How I manage my finances
As we head into the weekend, I thought I would totally switch gears. Instead of talking about blogging and business strategies, I wanted to talk about a basic matter of handling your finances.
Hell, it could save you some money. It could help you have more money for later. But, I think basic management of one’s accounting is just one of those things we all need to know how to do, whether it is for a business or just our personal finances.
There’s a basic law of finance. I don’t know who the hell came up with it. Maybe nobody. But, I know it is true. It goes like this:
We will tend to make the amount of money that we need.
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And as a corollary…
We will tend to spend what we make.
People will tend to do whatever it takes to make the amount of money they need to pay the bills. But, on the other hand, we will tend to spend what we make. If you make extra money, you’ll find a way to spend it!
Man, we all do it. You should try owning an RV sometime. 😉 No shortage of crap you can buy, lemme tell ya! Now, before my wife sees this, let me continue…
But, there’s also the saying: Pay yourself first.
So, I think, as a baseline, you should try to put 10% of your income away into reserves. This is money you put aside for later. Call it retirement, whatever you want. This is money that isn’t assigned to any budget item… it is just there for savings. For future big purchases or what have you.
Now, the “trick” here is that you have to turn this into an actual budget item. Treat it with the importance you would your electric bill, or your internet bill. It just HAS to be paid. It is a BILL. Pay yourself first.
I confess, I have not always been good at this. Not even a bit, really. I have some investments and they have made me some money. But, in terms of reliably putting aside 10% every month into reserves, this is something we’ve just recently implemented. My wife is now handling the finance fully and takes care of this for us. And I’m happy as a clam to have her do it. I’d rather just focus on the business. She’s good with the numbers.
OK, so that’s 10% into reserves. And to be clear, that’s 10% of income. Almost like tithing. If it’s a business, then take 10% after expenses. In other words, 10% of profit.
Now, there’s another account that we’ve been very successful implementing. I call it “Reserved Payments”.
We all have bills that we need to plan ahead for, but we don’t have to pay until later. It could be taxes. Perhaps annual renewals.
We’ve likely all had times when a big bill comes due and you have to sort of “eat it” because you didn’t plan for it ahead of time. I’ve done that with taxes in the past. I just didn’t plan for it adequately, so when that IRS payment comes due I cringe when I have to write the check.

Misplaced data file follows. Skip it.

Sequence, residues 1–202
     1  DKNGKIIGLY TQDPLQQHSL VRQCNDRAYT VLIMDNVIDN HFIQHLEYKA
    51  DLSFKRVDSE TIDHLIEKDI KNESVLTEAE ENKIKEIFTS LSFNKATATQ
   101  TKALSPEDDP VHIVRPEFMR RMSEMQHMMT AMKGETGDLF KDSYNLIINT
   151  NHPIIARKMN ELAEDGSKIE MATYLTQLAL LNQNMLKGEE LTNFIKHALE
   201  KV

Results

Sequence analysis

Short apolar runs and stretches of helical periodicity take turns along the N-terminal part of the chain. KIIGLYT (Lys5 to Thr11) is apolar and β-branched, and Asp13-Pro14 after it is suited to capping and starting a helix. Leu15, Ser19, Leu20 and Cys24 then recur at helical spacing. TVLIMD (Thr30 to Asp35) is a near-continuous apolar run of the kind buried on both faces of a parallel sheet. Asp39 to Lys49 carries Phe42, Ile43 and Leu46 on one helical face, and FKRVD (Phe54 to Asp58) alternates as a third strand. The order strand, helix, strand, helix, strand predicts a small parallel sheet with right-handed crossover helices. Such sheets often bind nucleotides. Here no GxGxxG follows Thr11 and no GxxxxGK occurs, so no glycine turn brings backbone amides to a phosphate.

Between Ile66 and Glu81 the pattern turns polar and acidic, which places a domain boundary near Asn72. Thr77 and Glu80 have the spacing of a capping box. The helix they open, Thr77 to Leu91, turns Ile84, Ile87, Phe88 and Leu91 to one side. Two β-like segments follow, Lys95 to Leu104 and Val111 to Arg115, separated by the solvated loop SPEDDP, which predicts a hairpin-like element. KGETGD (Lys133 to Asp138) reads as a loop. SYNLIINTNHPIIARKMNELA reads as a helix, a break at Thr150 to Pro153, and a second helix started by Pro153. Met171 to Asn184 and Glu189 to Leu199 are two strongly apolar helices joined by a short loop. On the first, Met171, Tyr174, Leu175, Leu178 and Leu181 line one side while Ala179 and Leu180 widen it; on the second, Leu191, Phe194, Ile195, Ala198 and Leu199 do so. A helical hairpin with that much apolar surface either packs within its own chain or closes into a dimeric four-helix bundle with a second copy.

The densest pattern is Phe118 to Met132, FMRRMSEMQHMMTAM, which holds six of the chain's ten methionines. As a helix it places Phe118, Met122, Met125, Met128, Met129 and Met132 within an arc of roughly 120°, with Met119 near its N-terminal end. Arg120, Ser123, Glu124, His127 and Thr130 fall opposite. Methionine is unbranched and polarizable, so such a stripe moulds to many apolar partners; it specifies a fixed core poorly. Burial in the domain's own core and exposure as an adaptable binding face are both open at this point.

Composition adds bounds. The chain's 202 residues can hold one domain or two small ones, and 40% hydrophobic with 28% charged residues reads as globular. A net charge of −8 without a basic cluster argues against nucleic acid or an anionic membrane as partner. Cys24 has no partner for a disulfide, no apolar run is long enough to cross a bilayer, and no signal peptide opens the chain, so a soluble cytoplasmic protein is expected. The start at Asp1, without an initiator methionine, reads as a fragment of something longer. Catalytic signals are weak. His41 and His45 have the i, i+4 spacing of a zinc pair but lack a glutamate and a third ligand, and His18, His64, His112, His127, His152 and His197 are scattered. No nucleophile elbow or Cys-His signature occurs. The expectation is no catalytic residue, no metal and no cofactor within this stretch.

Or, perhaps you have a membership or other renewal that takes place annually. Many times, this actually saves you money. You can reduce your effective net monthly budget by paying some things annually rather than monthly. Thing is, you have to manage the money so that when that annual renewal happens, you don’t get caught with your pants down.
The solution is “reserved payments”.
Set up a separate bank account. Then, take your annual fees, divide them by 12 to turn them into a monthly payment. Then, each month, you “pay” your monthly bill by transferring that amount into the “reserved payments” account.
EXAMPLE: Let’s say you have something you pay that runs $995/year. Once per year, you’re going to get that $995 billed to your credit card. Well, $995 divided by 12 months works out to about $82.92 per month. So, every month as part of the monthly budget, you would deduct $82.92 from your main operating bank account and transfer it to your reserved payments account.
Over the course of the year, you build up to a full $995 in that account… already earmarked toward that bill. Then, it no longer hurts when that renewal takes place. The money is there.
On a super small scale, I use Cyfe as a little stat dashboard for my business. $19/month for the account. But, annual it is $168/year. That works out to only $14/month. So, I can save $60 per year by paying annually. No problem… I just deduct $14/month into reserved payment and then pay once per year and save the money.
This is easy-peasy stuff, but many people don’t do it. Many don’t actually operate with a budget. They don’t plan for things. They just fly by the seat of their pants… look at their bank account as a piggy bank and make financial decisions on the fly.
But, that’s not much different than a kid with a piggy bank and some loose change in there. They don’t usually think ahead either. Just because your numbers are bigger and the bills more regular doesn’t mean your financial “planning” is much better.
So, those are 2 simple tactics you may wanna implement.
They work for us.
But, they make things easier. Less surprising. And, it actually makes your income stretch further and allows you to get more done.
– David Risley